Australian Journal of Zoology Australian Journal of Zoology Society
Evolutionary, molecular and comparative zoology
RESEARCH ARTICLE

Diet analysis of mammals, raptors and reptiles in a complex predator assemblage in the Blue Mountains, eastern Australia

Jack H. Pascoe A , Robert C. Mulley A D , Ricky Spencer A and Rosalie Chapple B C
+ Author Affiliations
- Author Affiliations

A School of Science and Health, University of Western Sydney, Penrith, NSW 2751, Australia.

B Blue Mountains World Heritage Institute, Katoomba, NSW 2780, Australia.

C University of New South Wales, Kensington, NSW 2052, Australia.

D Corresponding author. Email: r.mulley@uws.edu.au

Australian Journal of Zoology 59(5) 295-301 https://doi.org/10.1071/ZO11082
Submitted: 6 November 2011  Accepted: 11 March 2012   Published: 5 April 2012

Abstract

South-east Australia has a complex predator assemblage which has historically been vulnerable to introduced species. This is the first Australian field study to analyse samples from members of the families Canidae, Dasyuridae, Strigidae, and Varanidae to describe the diet and diet overlap between these predators. Samples were collected opportunistically and hair and bone analysis was used to identify the content of samples. Wild dogs (Canis lupus) and lace monitors (Varanus varius) predominantly consumed large mammalian prey, which contributed to the high level of diet overlap (Ojk = 0.79) between these two species. Foxes (Vulpes vulpes) and spotted-tailed quolls (Dasyurus maculatus) also had a high level of diet overlap (Ojk = 0.76), a result of their diets containing a high proportion of medium-sized mammals. The diet of wild dogs and foxes showed moderate overlap (Ojk = 0.59), and foxes were more likely to prey on species within the critical weight range than on macropods, which made up a high proportion of the diet of wild dogs. These data confirm that significant diet overlap can occur between predators from different taxonomic classes and further investigation of potential competition will be important to ongoing management.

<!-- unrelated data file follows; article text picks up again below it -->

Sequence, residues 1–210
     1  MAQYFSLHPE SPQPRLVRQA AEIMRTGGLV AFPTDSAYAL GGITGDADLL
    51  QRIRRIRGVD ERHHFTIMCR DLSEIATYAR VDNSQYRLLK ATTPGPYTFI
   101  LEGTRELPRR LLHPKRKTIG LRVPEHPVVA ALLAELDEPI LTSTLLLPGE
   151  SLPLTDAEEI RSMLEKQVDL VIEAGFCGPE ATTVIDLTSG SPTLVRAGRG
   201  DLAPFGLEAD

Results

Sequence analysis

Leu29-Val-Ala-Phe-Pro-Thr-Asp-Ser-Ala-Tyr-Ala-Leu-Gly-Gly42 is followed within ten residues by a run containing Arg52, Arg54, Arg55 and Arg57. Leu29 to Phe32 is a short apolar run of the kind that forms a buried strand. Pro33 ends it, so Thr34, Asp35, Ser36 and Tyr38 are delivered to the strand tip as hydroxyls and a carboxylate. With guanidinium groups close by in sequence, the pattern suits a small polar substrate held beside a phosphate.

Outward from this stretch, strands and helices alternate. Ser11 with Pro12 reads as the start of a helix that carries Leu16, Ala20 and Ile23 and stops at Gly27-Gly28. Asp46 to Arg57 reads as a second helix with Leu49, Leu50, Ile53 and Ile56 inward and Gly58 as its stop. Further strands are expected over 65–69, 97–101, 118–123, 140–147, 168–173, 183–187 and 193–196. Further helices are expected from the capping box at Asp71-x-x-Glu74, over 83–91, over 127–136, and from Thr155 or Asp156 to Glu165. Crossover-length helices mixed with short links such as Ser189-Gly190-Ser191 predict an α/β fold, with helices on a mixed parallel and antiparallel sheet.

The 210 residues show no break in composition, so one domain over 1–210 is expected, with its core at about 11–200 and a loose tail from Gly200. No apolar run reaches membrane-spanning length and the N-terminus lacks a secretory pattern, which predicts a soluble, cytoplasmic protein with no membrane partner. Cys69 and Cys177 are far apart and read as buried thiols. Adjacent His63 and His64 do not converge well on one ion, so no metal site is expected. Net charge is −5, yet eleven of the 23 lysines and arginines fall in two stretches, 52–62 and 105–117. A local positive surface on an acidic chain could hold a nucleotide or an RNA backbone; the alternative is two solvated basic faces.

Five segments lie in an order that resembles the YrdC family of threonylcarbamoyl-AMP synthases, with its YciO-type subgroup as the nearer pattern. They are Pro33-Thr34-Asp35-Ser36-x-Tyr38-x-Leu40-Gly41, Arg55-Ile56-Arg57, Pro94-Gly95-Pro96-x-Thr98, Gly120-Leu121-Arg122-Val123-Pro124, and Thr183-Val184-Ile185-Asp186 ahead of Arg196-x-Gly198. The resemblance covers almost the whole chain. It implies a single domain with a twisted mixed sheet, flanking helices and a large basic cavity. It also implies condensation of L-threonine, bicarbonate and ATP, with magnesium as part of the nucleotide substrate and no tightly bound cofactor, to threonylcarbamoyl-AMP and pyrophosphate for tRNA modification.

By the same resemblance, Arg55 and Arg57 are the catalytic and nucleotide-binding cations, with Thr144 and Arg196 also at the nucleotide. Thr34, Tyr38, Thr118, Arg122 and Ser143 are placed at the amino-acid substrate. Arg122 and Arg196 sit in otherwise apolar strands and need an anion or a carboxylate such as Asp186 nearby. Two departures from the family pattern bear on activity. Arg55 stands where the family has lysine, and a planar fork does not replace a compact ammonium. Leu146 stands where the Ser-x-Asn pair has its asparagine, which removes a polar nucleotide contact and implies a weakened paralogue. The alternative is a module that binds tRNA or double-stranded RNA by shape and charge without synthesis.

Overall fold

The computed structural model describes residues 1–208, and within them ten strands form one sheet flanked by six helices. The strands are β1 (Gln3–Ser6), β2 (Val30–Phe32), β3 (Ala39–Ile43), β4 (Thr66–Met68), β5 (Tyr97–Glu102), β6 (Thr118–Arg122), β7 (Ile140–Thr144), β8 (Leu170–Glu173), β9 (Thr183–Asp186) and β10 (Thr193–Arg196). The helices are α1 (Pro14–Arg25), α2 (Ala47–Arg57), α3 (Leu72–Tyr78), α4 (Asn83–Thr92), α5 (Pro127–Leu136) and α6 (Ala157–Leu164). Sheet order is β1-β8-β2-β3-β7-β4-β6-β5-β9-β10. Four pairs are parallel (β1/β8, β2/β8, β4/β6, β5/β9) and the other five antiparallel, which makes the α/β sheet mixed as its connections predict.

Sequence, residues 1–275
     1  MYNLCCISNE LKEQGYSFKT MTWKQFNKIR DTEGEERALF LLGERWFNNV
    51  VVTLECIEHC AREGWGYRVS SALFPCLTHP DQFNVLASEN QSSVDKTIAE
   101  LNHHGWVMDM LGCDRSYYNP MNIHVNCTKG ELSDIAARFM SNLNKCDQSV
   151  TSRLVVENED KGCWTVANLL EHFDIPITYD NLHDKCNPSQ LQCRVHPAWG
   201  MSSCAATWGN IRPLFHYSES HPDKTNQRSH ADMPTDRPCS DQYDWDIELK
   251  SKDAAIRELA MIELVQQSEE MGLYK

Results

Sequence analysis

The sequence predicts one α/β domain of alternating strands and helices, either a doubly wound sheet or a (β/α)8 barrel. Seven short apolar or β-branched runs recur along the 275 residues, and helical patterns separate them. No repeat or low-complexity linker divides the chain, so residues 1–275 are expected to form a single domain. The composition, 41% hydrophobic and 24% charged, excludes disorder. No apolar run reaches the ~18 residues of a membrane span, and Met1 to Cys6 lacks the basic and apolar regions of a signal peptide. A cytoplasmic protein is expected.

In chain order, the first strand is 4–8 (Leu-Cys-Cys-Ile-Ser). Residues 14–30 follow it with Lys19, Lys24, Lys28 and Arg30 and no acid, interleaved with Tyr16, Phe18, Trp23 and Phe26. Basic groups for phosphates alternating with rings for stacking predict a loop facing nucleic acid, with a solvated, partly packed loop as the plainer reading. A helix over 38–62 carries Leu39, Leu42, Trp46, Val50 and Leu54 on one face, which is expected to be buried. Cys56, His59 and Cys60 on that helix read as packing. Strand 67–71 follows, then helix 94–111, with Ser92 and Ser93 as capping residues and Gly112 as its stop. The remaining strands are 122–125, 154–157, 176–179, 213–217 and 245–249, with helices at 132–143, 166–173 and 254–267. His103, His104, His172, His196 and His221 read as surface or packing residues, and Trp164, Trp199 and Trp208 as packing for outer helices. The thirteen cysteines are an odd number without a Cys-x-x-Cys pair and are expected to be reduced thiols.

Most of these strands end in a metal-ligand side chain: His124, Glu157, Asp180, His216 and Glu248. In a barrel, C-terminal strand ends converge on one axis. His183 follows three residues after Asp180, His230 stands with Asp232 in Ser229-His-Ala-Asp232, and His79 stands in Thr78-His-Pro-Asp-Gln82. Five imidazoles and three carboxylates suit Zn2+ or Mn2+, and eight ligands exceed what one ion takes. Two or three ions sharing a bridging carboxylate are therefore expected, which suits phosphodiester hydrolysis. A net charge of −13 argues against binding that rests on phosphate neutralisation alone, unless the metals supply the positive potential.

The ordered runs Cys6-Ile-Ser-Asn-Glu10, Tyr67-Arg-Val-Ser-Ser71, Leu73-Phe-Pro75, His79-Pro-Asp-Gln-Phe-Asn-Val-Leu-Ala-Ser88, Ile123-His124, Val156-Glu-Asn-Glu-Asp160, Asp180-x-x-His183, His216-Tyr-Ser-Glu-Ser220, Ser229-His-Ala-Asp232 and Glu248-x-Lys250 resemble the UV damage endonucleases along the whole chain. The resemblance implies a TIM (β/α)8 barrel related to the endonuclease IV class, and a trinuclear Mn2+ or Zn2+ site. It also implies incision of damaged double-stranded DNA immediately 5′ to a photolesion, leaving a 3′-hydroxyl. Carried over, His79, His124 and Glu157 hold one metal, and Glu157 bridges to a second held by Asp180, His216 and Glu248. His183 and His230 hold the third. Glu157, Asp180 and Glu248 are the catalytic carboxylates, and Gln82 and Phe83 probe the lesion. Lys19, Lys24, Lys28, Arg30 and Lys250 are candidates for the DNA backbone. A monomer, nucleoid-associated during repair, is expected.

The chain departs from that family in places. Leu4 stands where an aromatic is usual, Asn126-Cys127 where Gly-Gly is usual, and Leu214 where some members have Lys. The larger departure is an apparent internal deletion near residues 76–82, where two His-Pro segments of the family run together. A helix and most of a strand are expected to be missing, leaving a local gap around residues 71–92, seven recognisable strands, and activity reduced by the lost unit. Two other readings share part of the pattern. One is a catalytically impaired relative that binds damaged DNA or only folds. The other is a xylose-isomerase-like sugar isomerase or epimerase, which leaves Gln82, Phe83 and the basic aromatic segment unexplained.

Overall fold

Additional keywords: apex predator, competition, diet analysis, mesopredator release, niche overlap.


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